The kings, princes and nobles of every conquered country, who are likely to organise resistance, are killed without delay. Then they send the soldiers and strong peasants into battle in front of themselves, giving them weapons and forcing them to fight. They leave other peasants, less fit to fight, to till the land, and they distribute the wives, daughters and female relatives of all the men forced into battle or killed among the peasants left to work the land…

Those soldiers who are forced to fight get little reward if they fight well and win – but if they fall in battle, they are no longer a problem. If, however, they retreat in battle, the Tatars kill them immediately; and so the fighters prefer to die in battle, rather than be massacred by the Tatars… 

They do not besiege strong castles; they first destroy the land and rob the people, then collecting these people, they drive them into battle and to the siege of their own castles. I cannot write anything else of the multitude of this army but that the soldiers of all conquered countries are driven in the front and are forced to fight.

The Khan’s Ultimatum to Hungary

Julianus finished his letter with describing the plans of the Tatars against Europe and quoting the text of the Tatar ultimatum to Béla IV, King of Hungary. 

It said by many, as a certain thing, and the Prince of Susdal had sent a message through me to the king of Hungary, that the Tatars are holding council night and day over how to defeat and conquer Christian Hungary. They are alleged to have decided to march on afterwards, to conquer Rome and the lands beyond Rome.

Therefore they [the Tatars] sent envoys to the king of Hungary, whom – as they crossed the country of Susdal – the prince of Susdal captured, and the prince took from the letter addressed to the king [of Hungary].

I and my companions saw these envoys. The prince of Susdal gave me the aforesaid letter, which I carried to the king of Hungary. The letter was written in Pagan characters but in the Tatar language. Therefore the king found many who could read it but none who could understand it. But as we travelled through Kerman, a big Pagan town, we found a man who translated it for us. 

And the translation is the following:

“I, the Khan, the envoy of the Heavenly King, to whom power was given on earth to raise those who submit to me and to oppress those who resist me, am much surprised about you, king of Hungary; that when I have already sent envoys to you for the thirtieth time, why are you not sending any of them back; nor do you send me your own envoy and a letter in reply.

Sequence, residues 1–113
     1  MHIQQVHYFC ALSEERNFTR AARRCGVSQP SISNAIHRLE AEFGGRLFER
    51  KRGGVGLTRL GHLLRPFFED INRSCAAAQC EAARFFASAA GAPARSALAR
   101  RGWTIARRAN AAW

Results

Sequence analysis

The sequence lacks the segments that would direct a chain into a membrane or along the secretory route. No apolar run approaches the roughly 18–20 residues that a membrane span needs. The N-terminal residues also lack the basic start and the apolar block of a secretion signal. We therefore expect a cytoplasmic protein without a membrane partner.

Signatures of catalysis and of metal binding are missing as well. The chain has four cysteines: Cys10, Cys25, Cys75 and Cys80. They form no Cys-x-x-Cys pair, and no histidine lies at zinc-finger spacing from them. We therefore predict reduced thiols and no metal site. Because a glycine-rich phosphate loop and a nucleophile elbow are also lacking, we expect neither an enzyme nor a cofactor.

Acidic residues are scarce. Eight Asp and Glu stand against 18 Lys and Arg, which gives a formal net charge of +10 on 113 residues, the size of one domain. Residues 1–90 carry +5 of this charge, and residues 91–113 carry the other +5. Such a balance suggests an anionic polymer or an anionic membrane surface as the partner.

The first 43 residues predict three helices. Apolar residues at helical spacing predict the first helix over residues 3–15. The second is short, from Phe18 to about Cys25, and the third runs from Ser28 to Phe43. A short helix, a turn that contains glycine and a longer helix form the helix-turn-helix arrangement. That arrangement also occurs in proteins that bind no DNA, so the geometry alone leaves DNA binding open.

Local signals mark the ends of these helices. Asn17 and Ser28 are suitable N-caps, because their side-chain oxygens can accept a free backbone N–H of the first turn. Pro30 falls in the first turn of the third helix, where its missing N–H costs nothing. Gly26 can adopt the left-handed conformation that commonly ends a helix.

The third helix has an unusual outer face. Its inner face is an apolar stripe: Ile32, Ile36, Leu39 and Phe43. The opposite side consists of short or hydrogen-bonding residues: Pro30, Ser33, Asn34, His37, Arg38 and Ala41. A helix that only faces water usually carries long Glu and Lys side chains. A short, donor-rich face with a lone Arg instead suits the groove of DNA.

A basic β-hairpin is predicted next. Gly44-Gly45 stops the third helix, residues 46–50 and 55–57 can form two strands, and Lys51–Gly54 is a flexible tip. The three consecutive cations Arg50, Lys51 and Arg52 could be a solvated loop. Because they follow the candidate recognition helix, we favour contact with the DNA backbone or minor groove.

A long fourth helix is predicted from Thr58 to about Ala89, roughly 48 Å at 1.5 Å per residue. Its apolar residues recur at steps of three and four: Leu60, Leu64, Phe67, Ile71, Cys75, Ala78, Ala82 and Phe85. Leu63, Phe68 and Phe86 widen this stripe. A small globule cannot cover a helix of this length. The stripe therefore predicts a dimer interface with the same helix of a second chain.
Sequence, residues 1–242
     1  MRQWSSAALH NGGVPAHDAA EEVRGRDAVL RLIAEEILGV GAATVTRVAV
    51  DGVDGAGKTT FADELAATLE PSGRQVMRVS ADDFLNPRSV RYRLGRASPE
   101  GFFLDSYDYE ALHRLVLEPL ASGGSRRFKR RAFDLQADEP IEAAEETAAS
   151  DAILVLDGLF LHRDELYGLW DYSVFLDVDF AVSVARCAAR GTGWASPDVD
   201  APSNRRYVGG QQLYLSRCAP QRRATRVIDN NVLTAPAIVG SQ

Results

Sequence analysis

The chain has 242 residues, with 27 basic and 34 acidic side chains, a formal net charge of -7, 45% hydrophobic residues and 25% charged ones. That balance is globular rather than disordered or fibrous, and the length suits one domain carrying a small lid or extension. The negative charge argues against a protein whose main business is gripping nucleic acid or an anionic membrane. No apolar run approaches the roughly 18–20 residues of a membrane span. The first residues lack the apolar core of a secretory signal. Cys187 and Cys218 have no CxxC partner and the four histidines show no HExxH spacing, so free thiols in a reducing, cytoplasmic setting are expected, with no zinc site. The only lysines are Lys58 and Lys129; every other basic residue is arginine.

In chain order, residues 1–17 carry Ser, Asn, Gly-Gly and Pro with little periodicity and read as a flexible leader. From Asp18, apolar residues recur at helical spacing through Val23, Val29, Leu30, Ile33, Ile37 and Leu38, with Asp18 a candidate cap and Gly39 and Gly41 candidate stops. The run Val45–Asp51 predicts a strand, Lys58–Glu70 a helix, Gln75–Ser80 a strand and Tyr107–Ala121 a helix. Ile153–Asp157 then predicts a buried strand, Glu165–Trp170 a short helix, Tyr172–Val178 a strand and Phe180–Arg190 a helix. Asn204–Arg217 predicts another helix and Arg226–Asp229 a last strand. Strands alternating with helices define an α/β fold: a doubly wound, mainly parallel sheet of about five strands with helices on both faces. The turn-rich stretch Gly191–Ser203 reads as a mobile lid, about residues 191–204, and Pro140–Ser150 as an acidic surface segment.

I know that you are a rich and powerful king, that you have many soldiers and you rule a big country alone. For this reason you find it difficult to submit yourself to me out of your own will; yet it would be better and more beneficial to you if you submitted to me willingly. I have found out also that you are protecting my Cuman servants. Therefore I order you not to keep these [the Cumans] with you in the future, and do not oppose me on their behalf. They find it easier to flee than you do, as they have no houses, and wandering with their tents perhaps they can escape me; but you, who dwell in houses, who have your castles and your towns, how will you escape from my hands?”

 
 
 

The Aftermath: The Tatar [Mongol] Invasion of Hungary in 1241

You would have thought that King Béla IV, having been amply forewarned by the Tatar ultimatum, had as good a chance to defend his kingdom against the Tatars as anybody could wish for. The Tatar manner of fighting too wasn’t that different from that of the Hungarians of some three centuries earlier. Nevertheless, when the Tatars broke into Hungary in 1241, in the battle of Muhi by the River Sajó, the king’s knights suffered a devastating defeat. Béla IV managed to escape with his life but he was pursued all the way to the Adriatic Sea; the Tatars then devastated the country, killing and capturing the population. The Tatar rule in Hungary only lasted a year but the loss of life and the material damage was tremendous. 

Further Reading (sorry but not in English):
Relatio Fratris Ricardi, the report of Father Ricardus, held in the Vatican Library
⇒ The letter of Brother Julianus about his second journey to the Bishop of Perugia (Hungarian translation available here)
⇒ The chronicle of Bishop Rogerius, survivor of the Battle of Muhi, who escaped from captivity as the Mongols left the country